They’re Off in the next Archbishop’s Race

Just published by yours truly over at politicalbetting.com

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The Revd Peter Ould marks your card

Let’s get some preliminaries out of the way. As regards selection, the Archbishop of Canterbury is selected by the Crown Nominations Commission which is made up of lay, clergy and bishop members elected by the General Synod, together with some other co-opted and appointed members. You can see the current list here, though it is likely to change before the appointment of Rowan’s Successor.

As far as I can see there is only one bookmaker, PaddyPower, who currently has a book open on this market. For another perspective, look at the poll we did over at The Twurch in September and see how the placings neatly match up! Let’s go through the list at PP and see what we make of the candidates.

John Sentamu…11/8

The bookies favourite and at 62 just about young enough to do the job till he’s 70. He’s been increasing his public profile in the past few months (helped by his PR whizz Kerron Cross) and his candidacy may very well hinge on the Church’s response to issues like Gender Neutral marriage – the more conservative and confrontational, the more Sentamu looks like the man to do the job. On top of this, to put it bluntly, the colour of his skin is a huge advantage for the Ugandan born Archbishop of York to translate to Lambeth Palace and represent not just the Church of England but the whole worldwide Anglican Communion.

Richard Chartres…7/2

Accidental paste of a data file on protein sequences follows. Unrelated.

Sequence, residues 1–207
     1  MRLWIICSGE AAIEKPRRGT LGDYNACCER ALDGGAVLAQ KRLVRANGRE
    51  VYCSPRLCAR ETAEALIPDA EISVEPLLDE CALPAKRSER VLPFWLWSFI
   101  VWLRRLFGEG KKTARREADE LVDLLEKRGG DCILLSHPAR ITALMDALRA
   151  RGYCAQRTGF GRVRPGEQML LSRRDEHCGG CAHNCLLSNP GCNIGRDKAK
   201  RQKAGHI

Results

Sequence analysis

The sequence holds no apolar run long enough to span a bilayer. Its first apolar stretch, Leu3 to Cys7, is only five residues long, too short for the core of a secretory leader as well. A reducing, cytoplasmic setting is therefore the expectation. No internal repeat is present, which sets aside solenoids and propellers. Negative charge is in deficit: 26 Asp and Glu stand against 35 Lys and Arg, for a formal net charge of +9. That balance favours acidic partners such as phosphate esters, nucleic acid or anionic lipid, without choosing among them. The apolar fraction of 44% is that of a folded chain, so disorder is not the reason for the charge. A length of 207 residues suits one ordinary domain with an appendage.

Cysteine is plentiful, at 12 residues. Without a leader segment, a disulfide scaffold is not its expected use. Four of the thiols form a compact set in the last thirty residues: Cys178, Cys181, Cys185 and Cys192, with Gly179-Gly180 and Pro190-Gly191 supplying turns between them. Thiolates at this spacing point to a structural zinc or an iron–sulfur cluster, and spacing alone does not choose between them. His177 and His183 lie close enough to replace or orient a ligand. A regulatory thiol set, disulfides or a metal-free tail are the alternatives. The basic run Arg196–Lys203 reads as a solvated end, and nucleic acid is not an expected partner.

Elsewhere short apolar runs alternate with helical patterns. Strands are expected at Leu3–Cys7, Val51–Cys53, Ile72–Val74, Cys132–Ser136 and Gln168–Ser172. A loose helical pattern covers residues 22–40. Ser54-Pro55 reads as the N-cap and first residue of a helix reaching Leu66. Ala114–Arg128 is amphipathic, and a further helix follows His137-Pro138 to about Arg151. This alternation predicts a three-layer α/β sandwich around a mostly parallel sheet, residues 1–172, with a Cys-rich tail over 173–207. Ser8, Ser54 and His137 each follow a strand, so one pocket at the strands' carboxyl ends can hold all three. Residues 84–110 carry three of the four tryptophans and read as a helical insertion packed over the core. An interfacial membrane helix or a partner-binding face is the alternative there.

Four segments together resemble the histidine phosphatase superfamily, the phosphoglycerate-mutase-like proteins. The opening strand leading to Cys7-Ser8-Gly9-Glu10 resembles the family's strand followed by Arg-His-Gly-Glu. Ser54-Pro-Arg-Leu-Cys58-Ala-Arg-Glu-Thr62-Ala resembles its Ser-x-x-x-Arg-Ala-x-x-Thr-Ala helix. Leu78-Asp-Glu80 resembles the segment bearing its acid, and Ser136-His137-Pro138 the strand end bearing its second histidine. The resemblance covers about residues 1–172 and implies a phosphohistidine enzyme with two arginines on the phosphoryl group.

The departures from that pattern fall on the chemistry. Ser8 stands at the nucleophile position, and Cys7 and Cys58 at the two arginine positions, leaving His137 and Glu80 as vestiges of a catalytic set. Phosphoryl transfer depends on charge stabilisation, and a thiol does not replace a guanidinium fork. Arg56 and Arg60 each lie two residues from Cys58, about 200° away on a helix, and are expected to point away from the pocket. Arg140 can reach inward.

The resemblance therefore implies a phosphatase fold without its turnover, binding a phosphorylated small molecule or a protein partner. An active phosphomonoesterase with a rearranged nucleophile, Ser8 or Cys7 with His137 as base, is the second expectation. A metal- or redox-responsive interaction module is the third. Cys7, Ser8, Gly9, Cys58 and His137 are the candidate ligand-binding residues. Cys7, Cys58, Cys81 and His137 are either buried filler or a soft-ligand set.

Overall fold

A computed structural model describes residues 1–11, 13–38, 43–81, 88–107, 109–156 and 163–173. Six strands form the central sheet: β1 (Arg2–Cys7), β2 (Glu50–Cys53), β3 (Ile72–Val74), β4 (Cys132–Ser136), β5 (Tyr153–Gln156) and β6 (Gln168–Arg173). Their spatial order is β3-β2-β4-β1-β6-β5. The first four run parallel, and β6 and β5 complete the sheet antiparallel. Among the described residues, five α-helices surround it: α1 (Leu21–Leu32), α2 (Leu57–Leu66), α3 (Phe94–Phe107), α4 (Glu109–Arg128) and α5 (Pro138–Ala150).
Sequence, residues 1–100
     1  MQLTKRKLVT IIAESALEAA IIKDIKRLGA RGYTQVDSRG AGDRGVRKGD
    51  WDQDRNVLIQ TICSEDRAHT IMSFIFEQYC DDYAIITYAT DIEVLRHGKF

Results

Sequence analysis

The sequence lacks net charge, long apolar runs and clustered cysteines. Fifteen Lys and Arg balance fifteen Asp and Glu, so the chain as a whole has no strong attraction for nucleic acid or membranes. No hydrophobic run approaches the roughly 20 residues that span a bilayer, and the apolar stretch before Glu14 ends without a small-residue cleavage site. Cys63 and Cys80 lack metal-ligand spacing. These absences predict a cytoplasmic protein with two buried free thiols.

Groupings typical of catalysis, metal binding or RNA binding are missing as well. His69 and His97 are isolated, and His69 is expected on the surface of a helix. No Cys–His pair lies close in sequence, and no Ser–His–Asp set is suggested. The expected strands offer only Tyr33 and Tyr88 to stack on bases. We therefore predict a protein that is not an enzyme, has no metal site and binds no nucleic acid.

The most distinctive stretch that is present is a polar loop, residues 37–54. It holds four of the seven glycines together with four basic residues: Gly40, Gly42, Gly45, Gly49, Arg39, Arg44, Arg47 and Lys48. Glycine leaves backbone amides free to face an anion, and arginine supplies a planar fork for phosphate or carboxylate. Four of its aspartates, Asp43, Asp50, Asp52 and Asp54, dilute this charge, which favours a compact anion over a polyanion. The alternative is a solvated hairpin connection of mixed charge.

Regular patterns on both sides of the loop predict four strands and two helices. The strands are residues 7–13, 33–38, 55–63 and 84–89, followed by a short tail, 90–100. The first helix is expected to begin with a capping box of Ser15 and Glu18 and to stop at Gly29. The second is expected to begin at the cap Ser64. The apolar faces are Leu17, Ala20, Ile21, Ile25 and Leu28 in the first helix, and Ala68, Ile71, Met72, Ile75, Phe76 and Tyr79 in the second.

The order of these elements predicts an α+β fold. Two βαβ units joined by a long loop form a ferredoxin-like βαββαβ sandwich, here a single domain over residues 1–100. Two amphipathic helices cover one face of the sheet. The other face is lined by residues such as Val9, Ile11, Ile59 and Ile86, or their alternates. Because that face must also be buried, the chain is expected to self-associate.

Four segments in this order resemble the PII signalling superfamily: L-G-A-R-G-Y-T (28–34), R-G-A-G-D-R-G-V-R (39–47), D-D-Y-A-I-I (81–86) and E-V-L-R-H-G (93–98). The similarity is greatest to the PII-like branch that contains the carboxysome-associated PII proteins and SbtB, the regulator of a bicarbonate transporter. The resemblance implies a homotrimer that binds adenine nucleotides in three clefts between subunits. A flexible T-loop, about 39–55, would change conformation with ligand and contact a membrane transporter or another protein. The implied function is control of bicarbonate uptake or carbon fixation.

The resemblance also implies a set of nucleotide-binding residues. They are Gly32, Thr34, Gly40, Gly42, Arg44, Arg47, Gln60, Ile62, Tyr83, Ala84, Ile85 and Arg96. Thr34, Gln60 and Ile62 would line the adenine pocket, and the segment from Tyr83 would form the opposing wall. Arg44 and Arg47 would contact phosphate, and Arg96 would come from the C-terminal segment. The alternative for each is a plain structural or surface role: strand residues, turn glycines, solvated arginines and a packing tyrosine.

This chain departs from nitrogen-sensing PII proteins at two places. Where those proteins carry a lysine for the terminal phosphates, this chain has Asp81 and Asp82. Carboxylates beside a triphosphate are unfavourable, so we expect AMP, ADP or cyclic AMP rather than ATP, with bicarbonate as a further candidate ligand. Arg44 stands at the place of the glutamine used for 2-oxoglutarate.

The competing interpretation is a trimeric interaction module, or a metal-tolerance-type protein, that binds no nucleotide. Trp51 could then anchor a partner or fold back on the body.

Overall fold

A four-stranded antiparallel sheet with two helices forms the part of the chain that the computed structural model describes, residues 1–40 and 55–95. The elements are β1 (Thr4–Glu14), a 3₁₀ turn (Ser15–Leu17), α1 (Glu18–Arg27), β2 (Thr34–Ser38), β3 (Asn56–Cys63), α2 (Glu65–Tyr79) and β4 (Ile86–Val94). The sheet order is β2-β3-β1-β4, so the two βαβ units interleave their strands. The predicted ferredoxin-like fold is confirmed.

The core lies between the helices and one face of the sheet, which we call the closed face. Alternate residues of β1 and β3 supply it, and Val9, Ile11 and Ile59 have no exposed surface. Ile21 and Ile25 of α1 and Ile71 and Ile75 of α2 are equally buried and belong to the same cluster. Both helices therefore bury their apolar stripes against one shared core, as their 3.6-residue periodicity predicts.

Currently Bishop of London and passed over last time, backing Chartres is like throwing all your money on Ron Paul for the Presidency. It is almost inconceivable that a man who won’t ordain women will become the Primate of the Church of England in the first twelve months after they agree to have women bishops (which will very likely happen this summer). Not a hope.

Christopher Cocksworth…7/2

The Bishop of Coventry is where all the smart money is right now. The former Principal of the vicar factory Ridley College, he has just been appointed Chair of the Church’s Faith and Order Commission, the closest the CofE gets to an interpretative body on doctrine and practice. If you’re thinking reading that that it sounds important, you’d be absolutely right. On top of this, he’s liked across the theological spectrum. If Betfair were to open a market on this then I would see him giving Sentamu a run for his money for top spot.

Nick Baines…6/1

Media savvy Nick is a regular on Chris Evans’ Radio 2 show and he knows how to handle the press. However, he’s perceived by many on the more traditional and conservative side of the church to have drifted quite far from his Evangelical roots and it’s hard to see him getting the support this time round.

Justin Welby…9/1

Give the guy a chance – he’s only just taken over as Bishop of Durham from Tom Wright and before that he was just a Cathedral Dean.

Nicholas Thomas Wright…10/1

Justin Welby’s predecessor in Durham. An awesome academic theologian but, let’s be honest, a lousy administrator and manager. He left Durham to go back to Professorship and not even the Archangel Gabriel could convince him to go back into Church leadership.

Stephen Cottrell…12/1

If we were doing this piece in a decade’s time Stephen would be top of the list. The problem with his candidacy this time is not that he is a brilliant communicator and mission leader, but that the Church of England tends to alternate between liberals and conservatives for the occupant of Lambeth Palace. As by far the leading liberal candidate in the field, he just won’t be considered because it’s the other camp’s turn these days.

Amongst other names that might be thrown about is Graham Kings, Bishop of Sherborne and Theological Secretary of the Evangelical group “Fulcrum”. Graham however is only a “Suffragan” or assistant bishop at the moment – it would be a huge leap for him to go straight to Canterbury. If you were interested in a long shot, stick a tenner on Mike Hill at 20/1, currently Bishop of Bristol. Solidly Evangelical and very popular in the Charismatic camp, he could very well emerge as a compromise candidate if problems arose with the leaders in the race.

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